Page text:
Charles Bianchini began as a designer of costumes for revues and in 1893 was appointed artist to the Paris Opéra. He also produced costume designs for the Opéra-Comique and other companies, designs which were always right for the roles and for the physique of the actors involved....

Article

Lithuanian, 20th century, male.

Active in France from 1933 then in the USA.

Born 19 November 1908, in Kaunas; died 27 April 1999.

Painter, sculptor. Portraits, interiors with figures, landscapes, still-lifes. Stage sets, stage costumes, monuments.

The pupil in Russia in a Soviet school for artistically gifted children, Arbit Blatas exhibited for the first time in Lithuania in 1933, then in Germany when he was studying at the academy in Berlin. He settled in Paris around 1933, and spent some time between 1940 and 1948 in the USA where many museums had acquired his works....

Article

Danish, 20th century, male.

Active from 1947 active in France.

Born 20 or 29 May 1924, in Kolding; died 21 October 1999, in Paris.

Painter, watercolourist, draughtsman, engraver, illustrator, newspaper cartoonist. Stage sets, stage costumes.

Lars Bo was the son of an architect and painter who duly followed in his father's footsteps. His earliest drawings were of animals of every description. He enrolled at the academy of applied arts in Copenhagen in ...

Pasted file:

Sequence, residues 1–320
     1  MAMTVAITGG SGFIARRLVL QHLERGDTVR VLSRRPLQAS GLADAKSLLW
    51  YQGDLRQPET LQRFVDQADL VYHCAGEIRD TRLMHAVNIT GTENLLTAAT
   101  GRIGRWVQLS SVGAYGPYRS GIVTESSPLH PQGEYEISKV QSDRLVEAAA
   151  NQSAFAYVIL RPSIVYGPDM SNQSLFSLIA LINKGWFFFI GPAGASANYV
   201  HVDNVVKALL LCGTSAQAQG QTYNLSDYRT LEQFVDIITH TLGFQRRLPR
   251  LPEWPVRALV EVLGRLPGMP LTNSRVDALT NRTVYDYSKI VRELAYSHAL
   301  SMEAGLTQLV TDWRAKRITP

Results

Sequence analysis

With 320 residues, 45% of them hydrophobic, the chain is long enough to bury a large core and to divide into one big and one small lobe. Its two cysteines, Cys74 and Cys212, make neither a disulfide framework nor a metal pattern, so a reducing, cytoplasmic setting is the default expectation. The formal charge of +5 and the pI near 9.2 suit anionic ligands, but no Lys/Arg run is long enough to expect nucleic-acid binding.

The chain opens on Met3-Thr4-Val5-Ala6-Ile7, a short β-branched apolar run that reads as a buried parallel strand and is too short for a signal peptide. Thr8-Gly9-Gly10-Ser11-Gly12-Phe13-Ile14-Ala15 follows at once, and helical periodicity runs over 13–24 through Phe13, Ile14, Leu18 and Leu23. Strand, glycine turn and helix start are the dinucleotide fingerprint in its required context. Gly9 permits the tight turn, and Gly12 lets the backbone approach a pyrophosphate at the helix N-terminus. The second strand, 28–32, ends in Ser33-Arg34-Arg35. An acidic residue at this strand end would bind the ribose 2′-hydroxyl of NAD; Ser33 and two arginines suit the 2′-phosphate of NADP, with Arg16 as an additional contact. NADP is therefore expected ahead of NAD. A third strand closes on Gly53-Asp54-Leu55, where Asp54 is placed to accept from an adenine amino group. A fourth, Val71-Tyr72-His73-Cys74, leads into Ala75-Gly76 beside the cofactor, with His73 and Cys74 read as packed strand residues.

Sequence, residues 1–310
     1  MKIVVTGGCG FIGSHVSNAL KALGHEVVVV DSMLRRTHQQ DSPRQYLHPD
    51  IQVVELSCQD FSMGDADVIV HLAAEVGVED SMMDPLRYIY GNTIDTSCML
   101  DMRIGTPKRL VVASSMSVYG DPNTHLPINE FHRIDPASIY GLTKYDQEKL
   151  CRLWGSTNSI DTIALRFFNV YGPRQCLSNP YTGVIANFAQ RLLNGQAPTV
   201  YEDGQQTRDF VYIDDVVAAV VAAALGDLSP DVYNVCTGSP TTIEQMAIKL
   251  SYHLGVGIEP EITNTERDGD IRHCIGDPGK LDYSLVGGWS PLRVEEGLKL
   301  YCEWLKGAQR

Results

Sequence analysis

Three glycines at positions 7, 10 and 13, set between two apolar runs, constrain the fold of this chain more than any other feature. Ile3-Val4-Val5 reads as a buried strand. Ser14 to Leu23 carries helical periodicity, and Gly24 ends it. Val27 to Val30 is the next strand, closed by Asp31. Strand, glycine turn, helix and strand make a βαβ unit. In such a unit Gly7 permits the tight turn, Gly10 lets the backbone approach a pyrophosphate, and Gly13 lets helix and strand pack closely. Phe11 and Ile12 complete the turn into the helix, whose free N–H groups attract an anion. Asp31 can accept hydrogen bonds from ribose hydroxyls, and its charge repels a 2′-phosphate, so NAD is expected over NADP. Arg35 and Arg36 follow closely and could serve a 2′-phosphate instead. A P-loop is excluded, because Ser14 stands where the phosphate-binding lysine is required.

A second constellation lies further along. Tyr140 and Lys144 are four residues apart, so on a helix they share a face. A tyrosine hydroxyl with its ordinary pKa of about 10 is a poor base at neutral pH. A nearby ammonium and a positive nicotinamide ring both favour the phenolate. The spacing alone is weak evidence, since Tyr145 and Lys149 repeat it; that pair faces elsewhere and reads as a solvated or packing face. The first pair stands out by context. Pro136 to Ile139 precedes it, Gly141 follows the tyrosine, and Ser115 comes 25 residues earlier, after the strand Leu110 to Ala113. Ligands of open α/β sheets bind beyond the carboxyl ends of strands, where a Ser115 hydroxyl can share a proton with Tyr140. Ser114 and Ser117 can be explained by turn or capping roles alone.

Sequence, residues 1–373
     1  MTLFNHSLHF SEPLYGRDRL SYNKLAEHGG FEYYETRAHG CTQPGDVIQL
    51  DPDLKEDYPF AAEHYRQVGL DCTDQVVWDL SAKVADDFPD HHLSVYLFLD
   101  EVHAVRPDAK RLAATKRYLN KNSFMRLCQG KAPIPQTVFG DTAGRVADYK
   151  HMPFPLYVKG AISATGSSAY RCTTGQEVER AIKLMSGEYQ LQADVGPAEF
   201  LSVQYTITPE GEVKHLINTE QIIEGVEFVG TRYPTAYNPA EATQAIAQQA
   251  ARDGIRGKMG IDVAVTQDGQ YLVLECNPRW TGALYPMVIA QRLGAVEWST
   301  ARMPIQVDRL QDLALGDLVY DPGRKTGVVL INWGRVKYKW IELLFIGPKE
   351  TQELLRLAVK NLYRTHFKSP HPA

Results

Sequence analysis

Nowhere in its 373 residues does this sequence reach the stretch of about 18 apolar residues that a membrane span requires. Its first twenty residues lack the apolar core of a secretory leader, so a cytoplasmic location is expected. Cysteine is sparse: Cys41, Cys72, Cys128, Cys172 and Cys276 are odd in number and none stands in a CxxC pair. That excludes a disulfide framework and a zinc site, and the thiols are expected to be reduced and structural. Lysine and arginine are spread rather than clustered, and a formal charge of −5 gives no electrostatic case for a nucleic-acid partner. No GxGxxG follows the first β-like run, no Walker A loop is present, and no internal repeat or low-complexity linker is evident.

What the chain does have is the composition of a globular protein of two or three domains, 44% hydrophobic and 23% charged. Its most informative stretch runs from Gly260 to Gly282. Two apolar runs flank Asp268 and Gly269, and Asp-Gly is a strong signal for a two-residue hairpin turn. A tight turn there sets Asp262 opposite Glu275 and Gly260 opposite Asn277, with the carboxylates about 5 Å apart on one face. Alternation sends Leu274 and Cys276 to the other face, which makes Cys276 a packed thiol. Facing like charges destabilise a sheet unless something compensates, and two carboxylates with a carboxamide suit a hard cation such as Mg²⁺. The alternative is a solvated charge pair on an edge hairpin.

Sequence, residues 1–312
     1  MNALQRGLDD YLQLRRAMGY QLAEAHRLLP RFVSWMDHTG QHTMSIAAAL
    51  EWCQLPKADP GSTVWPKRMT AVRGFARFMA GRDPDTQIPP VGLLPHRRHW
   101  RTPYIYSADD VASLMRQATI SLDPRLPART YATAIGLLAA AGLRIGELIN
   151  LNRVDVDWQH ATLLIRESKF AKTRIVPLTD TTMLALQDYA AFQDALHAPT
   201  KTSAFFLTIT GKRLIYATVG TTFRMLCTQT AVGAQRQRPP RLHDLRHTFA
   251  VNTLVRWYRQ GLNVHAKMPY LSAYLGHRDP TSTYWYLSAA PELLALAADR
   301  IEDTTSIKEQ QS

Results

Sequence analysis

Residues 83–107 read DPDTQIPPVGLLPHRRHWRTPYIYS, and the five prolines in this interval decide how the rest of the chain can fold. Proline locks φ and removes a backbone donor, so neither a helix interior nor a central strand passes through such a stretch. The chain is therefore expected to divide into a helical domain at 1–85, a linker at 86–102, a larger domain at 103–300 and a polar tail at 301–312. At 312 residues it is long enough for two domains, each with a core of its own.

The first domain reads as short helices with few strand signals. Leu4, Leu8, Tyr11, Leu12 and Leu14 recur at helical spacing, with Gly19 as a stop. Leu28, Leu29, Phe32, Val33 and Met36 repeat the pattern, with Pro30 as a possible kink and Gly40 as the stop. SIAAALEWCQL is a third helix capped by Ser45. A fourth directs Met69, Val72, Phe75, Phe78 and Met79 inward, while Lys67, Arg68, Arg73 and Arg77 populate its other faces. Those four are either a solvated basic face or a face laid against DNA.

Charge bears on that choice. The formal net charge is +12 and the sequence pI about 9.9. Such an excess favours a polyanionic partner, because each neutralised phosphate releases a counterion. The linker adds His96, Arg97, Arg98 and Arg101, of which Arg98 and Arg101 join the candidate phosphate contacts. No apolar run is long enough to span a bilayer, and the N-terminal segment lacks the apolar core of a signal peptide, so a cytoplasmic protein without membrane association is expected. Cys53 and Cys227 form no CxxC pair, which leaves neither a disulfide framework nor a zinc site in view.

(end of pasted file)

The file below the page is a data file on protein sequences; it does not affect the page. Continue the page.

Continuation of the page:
Article

Tom Williams

Movement in performance art that took shape in the 1960s and 1970s in which artists use their own bodies or those of their audience as the basis for their work. Body art performances have frequently involved transgression and occasionally violence, and they have often entailed extreme acts of endurance on the part of the artists. This term is typically in used in reference to artists such as Vito Acconci, Chris(topher) Burden, Valie Export, Gina Pane, Carolee Schneemann, the Vienna Actionists, Hannah Wilke, Marina Abramović and her former collaborator Ulay, as well as Brazilian artists in the Neo-Concrete movement such as Hélio Oiticica and Lygia Clark. (For information about the permanent decoration of the body, see Tattoo.)

Although the emergence of body art is often traced back to early 20th-century trends in performance art, recent accounts have pointed to Hans Namuth’s famous photographs of Jackson Pollock (1912–56) in the act of painting as a particularly important precedent. This practice was taken up by a number of performance artists during the late 1950s and early 1960s, including artists involved in Happenings such as ...

Article

French, 20th century, male.

Born 1933.

Painter (including gouache), decorative designer. Figures, architectural views, flowers. Stage sets, stage costumes.

Dimitri Bouchêne was among the theatrical designers who followed on from Christian Bérard. His free, light line deliberately recalls classical architecture, though this is more suggested than actually represented and uses harmonious pale tones....

Article

John-Paul Stonard

(b Sunshine, Victoria, March 26, 1961, d London, Dec 31, 1994).